MACON, Ga. — The future of the only clinic in Central and south Georgia that treats ALS is up in the air.
ALS, also known as Lou Gehrig's Disease, is a progressive nervous system disease that weakens patients' muscles and impacts their physical function-- making therapy at these clinics even more essential.
Atrium Health notified patients by letter October 14 that the clinic would close January 31. However, after 13WMAZ began asking questions, Atrium released a statement Wednesday saying they're delaying the closure.
Throughout the day, I've spoken to caregivers of ALS patients who said Atrium's decision to close the clinic could even be life threatening for patients.
However, just before this story was set to air, Atrium Health Navicent released a statement saying they're indefinitely postponing their planned closure while they address "vulnerabilities."
But still, they said, this is only a delay in this essential clinic being closed.
"It's like being blindfolded going through the woods every single day," said Molly Hattaway.
Hattaway says her and her family's life changed forever in July 2021.
Her mother, Judy Jones, was diagnosed with ALS.
"We've gone from my walking, talking vibrant mother to being in a motor chair all day long. Having to be in a Hoyer lift to move her. She's down to one working hand, that's it... nothing else works. To having a neck brace, breathing machine," Hattaway said.
Hattaway says this 15 month journey was made easier by the ALS Clinic in Macon where her mother sees a doctor, respiratory therapists, physical therapists, nutritionists and more.
"...and here we are close to the end of life. Her clinic family is gone," Hattaway said.
Atrium Health Navicent notified patients by letter that the clinic would shut down January 31 because the clinic's doctor, Dr. Michael Rivner, was leaving.
"Well, that's not true. I was caught by surprise on September 20 when they told me that they were closing the clinic," Rivner said.
Rivner told 13WMAZ he had no intention to close the clinic that treats roughly 150 patients. He says he's driven back and forth from Augusta to Macon three times a month for 12 years.
He says he does not know why Atrium suddenly announced a closure.
Meanwhile, patients in central and south Georgia are searching for another place to get care.
The closest other ALS Clinics are Atlanta, Augusta, Charlotte, North Carolina or Jacksonville, Florida.
"How do you take someone who is in a motorized chair who is incontinent and make them travel that far on a breathing machine. It's taxing," Rivner said.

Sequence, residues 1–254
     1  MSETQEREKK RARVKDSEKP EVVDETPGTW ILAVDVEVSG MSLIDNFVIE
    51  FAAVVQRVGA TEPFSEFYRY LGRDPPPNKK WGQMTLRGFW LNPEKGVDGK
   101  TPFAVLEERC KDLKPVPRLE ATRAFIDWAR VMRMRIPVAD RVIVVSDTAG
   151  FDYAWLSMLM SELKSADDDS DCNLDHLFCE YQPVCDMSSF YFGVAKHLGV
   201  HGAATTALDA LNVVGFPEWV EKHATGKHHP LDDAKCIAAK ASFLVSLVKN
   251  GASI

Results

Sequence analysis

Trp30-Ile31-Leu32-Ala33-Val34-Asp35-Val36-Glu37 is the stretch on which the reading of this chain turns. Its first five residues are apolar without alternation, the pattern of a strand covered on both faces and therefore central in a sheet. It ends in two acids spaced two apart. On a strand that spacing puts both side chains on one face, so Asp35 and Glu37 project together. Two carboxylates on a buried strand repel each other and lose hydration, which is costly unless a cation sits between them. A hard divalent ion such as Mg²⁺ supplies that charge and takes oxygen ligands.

Hattaway says thankfully, her family has the means to transport her mother to get the care she needs, but she says once Atrium closes the clinic, it will especially hurt ALS patients without family or support.
"How many people are living on disability that can't even afford the additional gas money to get them to a different clinic. It's horrible. Absolutely horrible. People are just going to die by themselves because they don't have the things they are going to need that they would be able to get through this clinic," Hattaway said.
No word on what Atrium Health Navicent will do next or when the clinic will close.
Atrium Health Navicent's full statement:
“Over the last few months, we have been carefully considering the future of the ALS Clinic located at Atrium Health Navicent Rehabilitation Hospital and how we can provide these critical services to patients and families living with this debilitating disease. Having heard from our patients and dedicated clinicians and listening to their feedback, we are indefinitely postponing our planned closure of the clinic while we address vulnerabilities that can help us ensure ongoing access to high-quality care to this patient community. Atrium Health Navicent and our teammates focus on our For All mission through care delivery and demonstrate our ongoing commitment to the communities we serve and will use this learning to support critical services throughout the region.
At Atrium Health Navicent, in our quest to balance competing dynamics while focusing on patient care, we might not always get everything right, but when it is made clear to us, we course correct and make changes which represent the ongoing commitment to our values and patients we serve.”